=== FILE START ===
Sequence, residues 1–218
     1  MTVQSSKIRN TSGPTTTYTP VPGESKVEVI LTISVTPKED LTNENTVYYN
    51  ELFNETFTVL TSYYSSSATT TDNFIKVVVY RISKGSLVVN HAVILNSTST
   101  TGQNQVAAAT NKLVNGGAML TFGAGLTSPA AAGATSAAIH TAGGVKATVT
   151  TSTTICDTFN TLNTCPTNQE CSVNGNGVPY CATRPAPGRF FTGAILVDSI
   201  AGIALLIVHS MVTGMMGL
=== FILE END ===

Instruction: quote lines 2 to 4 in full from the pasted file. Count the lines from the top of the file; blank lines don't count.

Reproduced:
     1  MTVQSSKIRN TSGPTTTYTP VPGESKVEVI LTISVTPKED LTNENTVYYN
    51  ELFNETFTVL TSYYSSSATT TDNFIKVVVY RISKGSLVVN HAVILNSTST
   101  TGQNQVAAAT NKLVNGGAML TFGAGLTSPA AAGATSAAIH TAGGVKATVT